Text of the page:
RG: As I said to Getler, when I’m looking at images like that, so much of it is based on the idea that this is how a particular ensemble is received, not the intention of the wearer. I think that is a valid kind of story, about someone’s personal style, but that is a very different kind of story from the one that talks about the way the clothes are received, the way people react and the emotions.

[As for reporting], it depends on the story. I feel like I do the amount of reporting that’s necessary to be able to comment and write a thoughtful column about it.

LCB: In addition to writing about the style choices of public figures in D.C., you also — as fashion editor — attend the runway shows and critique designers’ collections. In your experience, who has thicker skin as far as criticism goes, your average D.C. luminary or your average fashion designer?

RG: The average fashion designer. For them, it’s the labor of some degree of love and passion. I respect the creativity that goes into it, the incredible work — and money — that goes into putting together those runway collections.

I think readers tend to react most vigorously when [I criticize] a specific public official as opposed to the clothes on a runway. You could write practically anything about a runway collection and people wouldn’t get themselves riled up about it, because I think they have a very strange relationship with fashion — the idea of the runway, it tends to feel like it’s not connected to them and their first reaction no matter what is to kind of dismiss it, “Who’s going to wear that?” I’m much more gratified when I write about the runway and someone says, “Oh, you really helped me understand what was going on there.” I have no vested interest in whether they love it or hate it. Definitely readers react most vigorously to the [columns about] public officials. I found they typically respond in a partisan way.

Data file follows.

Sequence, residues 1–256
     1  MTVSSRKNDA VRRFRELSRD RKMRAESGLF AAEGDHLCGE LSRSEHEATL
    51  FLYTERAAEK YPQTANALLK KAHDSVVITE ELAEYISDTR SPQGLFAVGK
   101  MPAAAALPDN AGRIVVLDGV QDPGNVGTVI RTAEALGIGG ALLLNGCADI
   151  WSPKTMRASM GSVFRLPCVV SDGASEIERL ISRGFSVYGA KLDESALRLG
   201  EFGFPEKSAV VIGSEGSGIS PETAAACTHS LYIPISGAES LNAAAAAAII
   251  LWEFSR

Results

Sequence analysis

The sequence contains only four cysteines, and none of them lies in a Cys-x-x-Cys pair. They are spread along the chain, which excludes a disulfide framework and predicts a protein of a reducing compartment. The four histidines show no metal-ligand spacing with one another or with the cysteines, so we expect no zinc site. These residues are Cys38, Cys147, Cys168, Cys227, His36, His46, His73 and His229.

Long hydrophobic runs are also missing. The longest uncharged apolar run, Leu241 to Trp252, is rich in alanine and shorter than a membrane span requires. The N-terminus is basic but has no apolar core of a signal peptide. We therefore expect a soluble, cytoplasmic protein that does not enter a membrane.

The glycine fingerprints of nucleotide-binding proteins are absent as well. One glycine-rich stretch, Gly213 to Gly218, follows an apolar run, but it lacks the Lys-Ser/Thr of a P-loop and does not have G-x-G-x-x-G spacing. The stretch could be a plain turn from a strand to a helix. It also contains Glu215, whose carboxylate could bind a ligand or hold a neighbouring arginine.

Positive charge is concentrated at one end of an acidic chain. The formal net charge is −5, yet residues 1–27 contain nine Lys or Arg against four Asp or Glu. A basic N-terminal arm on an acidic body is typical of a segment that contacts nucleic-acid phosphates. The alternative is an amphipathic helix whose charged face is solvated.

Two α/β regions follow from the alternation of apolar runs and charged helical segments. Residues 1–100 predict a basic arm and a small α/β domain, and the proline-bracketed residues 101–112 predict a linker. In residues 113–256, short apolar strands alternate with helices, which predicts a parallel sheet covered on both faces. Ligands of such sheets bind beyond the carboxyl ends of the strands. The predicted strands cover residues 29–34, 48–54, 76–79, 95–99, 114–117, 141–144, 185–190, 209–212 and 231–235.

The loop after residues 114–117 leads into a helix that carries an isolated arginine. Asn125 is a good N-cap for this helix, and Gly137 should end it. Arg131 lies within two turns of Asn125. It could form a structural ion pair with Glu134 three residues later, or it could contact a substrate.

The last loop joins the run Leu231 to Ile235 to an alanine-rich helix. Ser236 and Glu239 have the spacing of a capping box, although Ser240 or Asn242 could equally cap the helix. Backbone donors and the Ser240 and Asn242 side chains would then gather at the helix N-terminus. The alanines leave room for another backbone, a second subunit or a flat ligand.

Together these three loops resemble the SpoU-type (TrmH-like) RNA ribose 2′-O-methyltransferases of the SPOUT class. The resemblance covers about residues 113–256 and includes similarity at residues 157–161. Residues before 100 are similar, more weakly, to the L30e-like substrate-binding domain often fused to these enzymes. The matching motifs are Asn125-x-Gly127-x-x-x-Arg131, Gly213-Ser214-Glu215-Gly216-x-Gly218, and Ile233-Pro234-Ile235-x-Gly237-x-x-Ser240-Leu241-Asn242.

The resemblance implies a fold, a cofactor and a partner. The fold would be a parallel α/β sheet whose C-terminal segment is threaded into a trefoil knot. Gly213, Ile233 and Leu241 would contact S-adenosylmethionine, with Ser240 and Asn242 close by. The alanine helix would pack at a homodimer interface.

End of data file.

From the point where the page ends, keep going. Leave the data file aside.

LCB: How so?

RG: I find that there’s a lot of score-keeping and political paranoia. If I write two critical columns about a Republican, it’s immediately noted that I must have an anti-Republican agenda. Those who complain, however, seem to have conveniently forgotten that I’ve also been critical of Democrats. I connect fashion and politics, but a lot of my critics believe that the connection is between fashion and Republicans. There have been more columns about politicians who are Republican or conservative, but that is only because Republicans are the party in power. If the administration was led by a Democrat, then I’m sure there would be more columns about a Democrat vice president, secretary of state and non-conservative judicial nominees. And I suspect that those columns would be no less pointed or critical.

LCB: On Wednesday, Bush named Fox News’ Tony Snow as the new White House press secretary. Your quick assessment of Snow’s “look” or style? What about outgoing press secretary Scott McClellan?

RG: From what I’ve seen, he seems like a slick, very crisp, sharp dresser. Watching him stand there on one side of Bush with Scott McClellan on the other, it looks like “before” and “after.”

LCB: And McClellan’s style?

RG: You now, I haven’t watched him that closely, but I’ve sort of had the sense he looked a bit like, “If only I’d had 20 more minutes to get dressed, the jacket would fit a little better, the shirt collar would fit a little bit better.”

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Liz Cox Barrett is a writer at CJR.